Celebrated on the second Thursday in March, the mission of World Kidney Day is to raise awareness of the importance of our kidneys to our overall health and to reduce the frequency and impact of kidney disease and its associated health problems worldwide.
- The leading causes of kidney failure, otherwise known as End Stage Renal Disease (ESRD) are diabetes and high blood pressure.
- About 1 in 10 people have some degree of Chronic Kidney Disease (CKD). It can develop at any age and various conditions can lead to CKD. It however becomes more common with increasing age. After the age of 40, kidney filtration begins to fall by approximately 1% per year. On top of the natural aging of the kidneys, many conditions which damage the kidneys are more common in older people including diabetes, high blood pressure and heart disease.
- There is no cure for chronic kidney disease, although treatment can slow or halt the progression of the disease and can prevent other serious conditions developing.
- The main treatments are a proper diet and medications, and for those who reach ESRD, long term dialysis treatment or kidney transplantation.
- Currently in New York State 8,484 people are waiting for a life saving kidney transplant (UNOS.org retrieved March 9,2015).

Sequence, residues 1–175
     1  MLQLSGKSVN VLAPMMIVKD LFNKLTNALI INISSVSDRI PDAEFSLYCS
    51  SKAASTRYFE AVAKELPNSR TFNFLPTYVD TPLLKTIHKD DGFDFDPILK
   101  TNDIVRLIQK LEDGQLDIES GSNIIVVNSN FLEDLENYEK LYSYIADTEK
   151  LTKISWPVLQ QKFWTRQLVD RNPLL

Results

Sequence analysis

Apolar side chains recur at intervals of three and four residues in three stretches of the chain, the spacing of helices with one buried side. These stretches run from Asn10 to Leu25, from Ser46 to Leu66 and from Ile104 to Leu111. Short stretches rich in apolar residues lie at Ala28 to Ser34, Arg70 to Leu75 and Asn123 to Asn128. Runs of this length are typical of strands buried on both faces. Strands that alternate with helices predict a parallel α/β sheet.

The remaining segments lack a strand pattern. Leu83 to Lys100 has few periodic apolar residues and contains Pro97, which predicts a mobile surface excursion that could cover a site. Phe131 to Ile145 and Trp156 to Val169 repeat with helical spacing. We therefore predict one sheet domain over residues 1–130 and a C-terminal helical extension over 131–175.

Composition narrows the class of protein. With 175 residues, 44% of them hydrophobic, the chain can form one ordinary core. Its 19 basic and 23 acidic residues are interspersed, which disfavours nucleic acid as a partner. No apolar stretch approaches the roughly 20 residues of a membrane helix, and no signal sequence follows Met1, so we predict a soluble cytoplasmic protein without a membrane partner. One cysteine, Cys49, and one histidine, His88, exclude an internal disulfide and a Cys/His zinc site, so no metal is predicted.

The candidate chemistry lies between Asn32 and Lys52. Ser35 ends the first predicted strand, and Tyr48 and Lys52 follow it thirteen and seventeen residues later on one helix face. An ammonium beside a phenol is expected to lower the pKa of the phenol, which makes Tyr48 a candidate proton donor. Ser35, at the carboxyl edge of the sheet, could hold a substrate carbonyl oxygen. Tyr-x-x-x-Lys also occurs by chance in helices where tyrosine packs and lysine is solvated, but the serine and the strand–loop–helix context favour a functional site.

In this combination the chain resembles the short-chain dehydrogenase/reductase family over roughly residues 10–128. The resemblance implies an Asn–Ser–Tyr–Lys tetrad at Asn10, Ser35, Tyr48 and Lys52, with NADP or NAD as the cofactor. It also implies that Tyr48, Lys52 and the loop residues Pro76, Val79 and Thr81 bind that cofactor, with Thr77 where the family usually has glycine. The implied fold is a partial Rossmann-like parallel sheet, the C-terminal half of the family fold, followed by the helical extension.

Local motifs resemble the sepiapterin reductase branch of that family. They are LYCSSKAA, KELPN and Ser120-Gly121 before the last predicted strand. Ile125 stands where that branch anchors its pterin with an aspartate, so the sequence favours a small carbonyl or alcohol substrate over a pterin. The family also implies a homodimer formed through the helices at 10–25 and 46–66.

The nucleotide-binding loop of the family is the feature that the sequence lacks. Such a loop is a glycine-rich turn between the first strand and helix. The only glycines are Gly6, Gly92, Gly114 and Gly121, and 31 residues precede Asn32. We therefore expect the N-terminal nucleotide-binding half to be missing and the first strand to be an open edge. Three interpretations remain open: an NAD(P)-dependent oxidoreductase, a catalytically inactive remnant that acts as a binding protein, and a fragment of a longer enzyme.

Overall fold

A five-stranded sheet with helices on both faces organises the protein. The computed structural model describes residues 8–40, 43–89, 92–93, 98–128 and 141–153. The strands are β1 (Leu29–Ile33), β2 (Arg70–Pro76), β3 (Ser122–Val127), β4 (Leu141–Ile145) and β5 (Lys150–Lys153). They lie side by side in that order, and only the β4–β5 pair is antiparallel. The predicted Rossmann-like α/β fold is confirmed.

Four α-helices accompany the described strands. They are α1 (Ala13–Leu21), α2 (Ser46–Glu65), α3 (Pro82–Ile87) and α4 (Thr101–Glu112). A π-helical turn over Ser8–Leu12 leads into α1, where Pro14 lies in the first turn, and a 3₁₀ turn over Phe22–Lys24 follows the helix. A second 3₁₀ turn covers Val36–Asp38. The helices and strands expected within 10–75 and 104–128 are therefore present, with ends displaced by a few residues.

- Kidney transplantation is considered the best treatment for many people with severe CKD because quality of life and survival are often better than in people who use dialysis.
- There is a shortage of organs available for donation. Many people who are candidates for kidney transplantation are put on a transplant waiting list and require dialysis until an organ is available. In New York State, 1,304 people have been on the kidney transplant waiting list for more than five years (UNOS.org retrieved March 9,2015).
- A kidney can come from a living relative, a living unrelated person, or from a person who has died (deceased or cadaver donor); only one kidney is required to survive.
- Overall, transplant success rates are very good. Transplants from deceased donors have an 85 to 90% success rate for the first year. That means that after one year, 85 to 90 out of every 100 transplanted kidneys are still functioning. Live donor transplants have a 90 to 95% success rate. Long-term success is good for people of all ages.